Morinville council waives cuts

Councilors in Morinville waived proposed cuts to buses, the recreation center and the town museum, but bumped the town’s operating deficit to $1.9 million.

Morinville Council made additional changes to its 2022 operating budget at its March 8 meeting.

Council passed an interim budget in December after the 2022 draft budget proposed a 15.39% tax hike. Since then, the Council has revised the budget to reduce this tax increase.

As of March 8, the draft budget provided for a 5% increase in municipal taxes (3.5% operating, 1.5% capital) and an operating deficit of approximately $1.9 million, the most important for at least a decade. , the budget documents suggest.

A 5% tax hike would add $126.98 (about 16 adult day passes to the Morinville Recreation Center) to a typical Morinville home’s annual tax bill of $334,603, according to budget documents. .

The plan also included a long list of service cuts, such as the cancellation of Snowman, French Heritage, Easter Egg and Best Garden events and a 50% cut in flower planting.

Cuts canceled

Council voted to reverse several service cuts proposed in the proposed budget.

Council voted 4-3 (Councillors Ray White, Scott Richardson and Stephen Dafoe opposed) to drop a proposal to cut council pay by 5% at the suggestion of Mayor Simon Boersma, who argued that the municipal councilors worked a lot. and were paid much less than other regional councillors.

“The number of hours that we as counselors put in, I think, has value,” Boersma said, and that value is reflected in the community.

Dafoe, who originally proposed the restoration and wanted it to remain in place for the rest of the council’s term, said he was meant to show residents that the council was working to reduce its running costs.

Boersma won support 4-3 (Councillors Richardson, Jenn Anheliger and Rebecca Balanko opposed) to instead take $15,000 from the council’s operating budget, roughly matching what it would have saved thanks to the reduction. Boersma said the reduction is equivalent to the cost of sending three people to the annual conference of the Federation of Canadian Municipalities.

The Council supported a decision of the Coun. Maurice St. Denis to cancel the proposed sale of the city’s community bus and explore new partnerships and operating models for it.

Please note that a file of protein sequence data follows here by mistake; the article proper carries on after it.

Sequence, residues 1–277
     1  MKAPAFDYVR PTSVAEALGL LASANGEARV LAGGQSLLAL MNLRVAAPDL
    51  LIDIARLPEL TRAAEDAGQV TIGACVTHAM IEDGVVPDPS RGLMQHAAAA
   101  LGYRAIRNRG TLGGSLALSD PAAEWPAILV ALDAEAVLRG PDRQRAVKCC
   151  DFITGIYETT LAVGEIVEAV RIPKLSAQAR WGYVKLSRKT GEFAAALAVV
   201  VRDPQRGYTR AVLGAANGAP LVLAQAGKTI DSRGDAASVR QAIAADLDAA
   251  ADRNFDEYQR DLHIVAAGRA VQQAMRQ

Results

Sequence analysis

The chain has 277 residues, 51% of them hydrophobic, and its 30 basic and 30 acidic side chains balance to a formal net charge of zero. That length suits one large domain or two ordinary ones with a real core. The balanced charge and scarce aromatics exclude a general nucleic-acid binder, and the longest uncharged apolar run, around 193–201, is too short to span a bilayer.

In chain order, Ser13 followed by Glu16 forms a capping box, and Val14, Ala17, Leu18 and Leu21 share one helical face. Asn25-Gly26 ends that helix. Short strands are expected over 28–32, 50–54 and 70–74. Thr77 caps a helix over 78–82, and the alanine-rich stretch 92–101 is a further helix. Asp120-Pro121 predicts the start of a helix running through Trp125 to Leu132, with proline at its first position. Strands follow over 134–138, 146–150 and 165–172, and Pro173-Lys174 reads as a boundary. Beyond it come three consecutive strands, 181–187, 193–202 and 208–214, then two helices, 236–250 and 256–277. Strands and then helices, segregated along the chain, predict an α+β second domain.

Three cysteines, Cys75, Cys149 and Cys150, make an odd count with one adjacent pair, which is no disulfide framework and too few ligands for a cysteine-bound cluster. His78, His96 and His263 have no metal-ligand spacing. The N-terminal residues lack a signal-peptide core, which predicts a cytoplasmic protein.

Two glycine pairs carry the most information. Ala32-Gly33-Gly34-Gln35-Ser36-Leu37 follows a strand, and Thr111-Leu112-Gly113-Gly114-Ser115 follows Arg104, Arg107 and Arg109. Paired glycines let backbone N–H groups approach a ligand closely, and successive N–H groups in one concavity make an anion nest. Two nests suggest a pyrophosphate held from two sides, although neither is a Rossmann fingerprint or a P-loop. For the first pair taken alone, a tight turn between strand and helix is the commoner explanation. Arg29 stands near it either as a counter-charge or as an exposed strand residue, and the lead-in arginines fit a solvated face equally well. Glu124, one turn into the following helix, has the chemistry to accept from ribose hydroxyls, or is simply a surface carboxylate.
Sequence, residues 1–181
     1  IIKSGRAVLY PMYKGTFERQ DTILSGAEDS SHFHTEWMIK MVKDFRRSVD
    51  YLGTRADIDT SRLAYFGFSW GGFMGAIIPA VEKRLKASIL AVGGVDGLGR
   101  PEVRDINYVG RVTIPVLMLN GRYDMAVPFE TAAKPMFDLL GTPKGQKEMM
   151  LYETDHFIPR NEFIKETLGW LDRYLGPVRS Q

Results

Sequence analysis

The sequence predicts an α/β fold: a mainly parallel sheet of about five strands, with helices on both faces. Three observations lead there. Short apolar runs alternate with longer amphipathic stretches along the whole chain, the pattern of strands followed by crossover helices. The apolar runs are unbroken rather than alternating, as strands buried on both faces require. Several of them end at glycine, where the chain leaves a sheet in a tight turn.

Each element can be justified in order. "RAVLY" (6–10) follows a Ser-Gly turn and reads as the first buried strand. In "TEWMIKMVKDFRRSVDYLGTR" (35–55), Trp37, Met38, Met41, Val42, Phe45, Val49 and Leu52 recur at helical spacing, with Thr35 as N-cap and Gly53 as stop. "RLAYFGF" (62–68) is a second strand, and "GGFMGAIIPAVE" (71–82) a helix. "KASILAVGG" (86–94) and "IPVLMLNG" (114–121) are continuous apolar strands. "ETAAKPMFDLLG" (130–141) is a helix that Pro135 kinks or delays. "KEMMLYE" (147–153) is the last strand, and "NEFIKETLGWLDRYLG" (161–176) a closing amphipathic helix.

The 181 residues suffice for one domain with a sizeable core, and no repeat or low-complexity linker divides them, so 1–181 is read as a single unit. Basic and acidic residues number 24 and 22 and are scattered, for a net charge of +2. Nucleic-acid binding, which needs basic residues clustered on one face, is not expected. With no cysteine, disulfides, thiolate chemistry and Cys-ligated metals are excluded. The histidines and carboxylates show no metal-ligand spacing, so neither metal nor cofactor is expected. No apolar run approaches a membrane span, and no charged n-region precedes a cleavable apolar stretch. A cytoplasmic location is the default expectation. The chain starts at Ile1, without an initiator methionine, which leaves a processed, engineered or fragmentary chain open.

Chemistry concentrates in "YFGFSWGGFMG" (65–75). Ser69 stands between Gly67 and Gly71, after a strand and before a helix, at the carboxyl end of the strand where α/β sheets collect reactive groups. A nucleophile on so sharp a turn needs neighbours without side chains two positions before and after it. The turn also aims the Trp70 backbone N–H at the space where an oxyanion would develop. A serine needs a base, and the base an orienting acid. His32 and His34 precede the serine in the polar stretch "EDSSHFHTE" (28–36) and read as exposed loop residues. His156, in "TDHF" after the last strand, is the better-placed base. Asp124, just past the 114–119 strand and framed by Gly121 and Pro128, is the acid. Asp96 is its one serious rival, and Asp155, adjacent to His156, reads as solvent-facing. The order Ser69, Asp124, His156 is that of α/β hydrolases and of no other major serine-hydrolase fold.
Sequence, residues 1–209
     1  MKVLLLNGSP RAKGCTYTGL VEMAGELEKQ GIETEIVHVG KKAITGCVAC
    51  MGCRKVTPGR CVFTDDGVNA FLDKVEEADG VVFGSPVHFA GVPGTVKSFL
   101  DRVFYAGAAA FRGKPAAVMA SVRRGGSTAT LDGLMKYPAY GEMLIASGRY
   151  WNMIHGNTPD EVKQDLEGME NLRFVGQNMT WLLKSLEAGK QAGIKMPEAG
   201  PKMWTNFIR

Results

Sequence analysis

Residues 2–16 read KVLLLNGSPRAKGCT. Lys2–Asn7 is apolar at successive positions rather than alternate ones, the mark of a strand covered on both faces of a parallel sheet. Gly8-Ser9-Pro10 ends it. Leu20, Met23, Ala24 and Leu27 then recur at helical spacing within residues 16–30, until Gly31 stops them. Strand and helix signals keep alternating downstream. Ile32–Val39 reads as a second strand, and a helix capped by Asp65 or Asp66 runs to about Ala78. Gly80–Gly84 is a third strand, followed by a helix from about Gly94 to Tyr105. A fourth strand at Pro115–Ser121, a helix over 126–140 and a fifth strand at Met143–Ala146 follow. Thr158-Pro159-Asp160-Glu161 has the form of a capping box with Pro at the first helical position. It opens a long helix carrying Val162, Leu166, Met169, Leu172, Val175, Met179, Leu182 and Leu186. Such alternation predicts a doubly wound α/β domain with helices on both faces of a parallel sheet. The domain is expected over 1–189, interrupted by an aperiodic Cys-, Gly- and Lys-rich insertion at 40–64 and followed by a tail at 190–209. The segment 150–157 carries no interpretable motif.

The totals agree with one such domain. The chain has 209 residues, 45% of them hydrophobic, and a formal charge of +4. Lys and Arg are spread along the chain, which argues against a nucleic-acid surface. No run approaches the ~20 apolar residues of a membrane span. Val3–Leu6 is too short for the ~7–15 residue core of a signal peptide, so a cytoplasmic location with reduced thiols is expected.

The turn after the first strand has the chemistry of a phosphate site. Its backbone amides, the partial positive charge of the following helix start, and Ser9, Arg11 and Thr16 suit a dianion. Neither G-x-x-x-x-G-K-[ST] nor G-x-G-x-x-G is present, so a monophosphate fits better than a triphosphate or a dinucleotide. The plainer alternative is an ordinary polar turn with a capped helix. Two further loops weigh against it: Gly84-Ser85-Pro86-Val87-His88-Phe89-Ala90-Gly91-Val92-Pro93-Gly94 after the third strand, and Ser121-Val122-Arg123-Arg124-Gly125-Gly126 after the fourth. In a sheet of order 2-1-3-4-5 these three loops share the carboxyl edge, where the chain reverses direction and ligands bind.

The council learned last month that the city had suspended the bus program due to the pandemic and a loss of provincial funding for it. Residents had expressed concerns about how the sale of the bus might affect the elderly, many of whom depended on it for transportation.

The city’s director of financial services, Travis Nosko, said selling the bus would save the city about $20,000 a year, while keeping it parked would cost up to $8,000 a year.

White said resuming community bus service was a priority for residents of nursing homes he spoke with during the election campaign last year, adding that selling the bus now could force the city to buy a replacement in two years.

“Getting rid of the bus doesn’t give enough value for the dollar.”

The Council also supported St. Denis’ decision to rescind a proposed 10% reduction in the city museum. St. Denis said the museum works directly to support the council’s goals of strengthening community identity and volunteerism. This reduction would bring the museum back to its 2016 funding levels and could affect the city’s Indigenous reconciliation efforts with the Alexander First Nation.

Dafoe said the museum had operated for many years with little change in its budget and helped preserve hundreds of photos and artifacts.

“If we want to preserve history…we have to support these institutions.”

Council voted 6 to 1 (Anheliger against) to overturn a proposal to reduce the hours of operation of the Morinville Recreation Center by 20 hours per week. Richardson, who proposed the reversal, said the reduced hours also reduced the center’s revenue.

Nosko said the administration recently learned that Sturgeon County had not, as previously thought, canceled its $25,000 annual contribution to the city library. The council supported his suggestion to take $25,000 from the library and apply it to the $277,000 to $291,000 in back pay the town had to spend on its contract with the RCMP.

Dafoe decided to increase the library’s funding until her full request of $542,121 — an increase of $99,414 from what she got in 2021 — arguing that the library is doing a great job for the community for low pay. The motion passed 4-3 (White, Balanko and Boersma opposed).

Larger deficit

Nosko said the council’s actions added about $164,000 in spending to the budget — the equivalent of a 1.5% tax hike — and about $107,000 to the city’s tax-funded operating deficit. the city, bringing it to what The Gazette estimated at around $1.9 million.

The board is due to hold a special meeting to vote on the revised budget later this month. Morinville residents can weigh in on the budget at an open house at the Morinville Community Cultural Center on March 15 at 7 p.m. Visit for more details.

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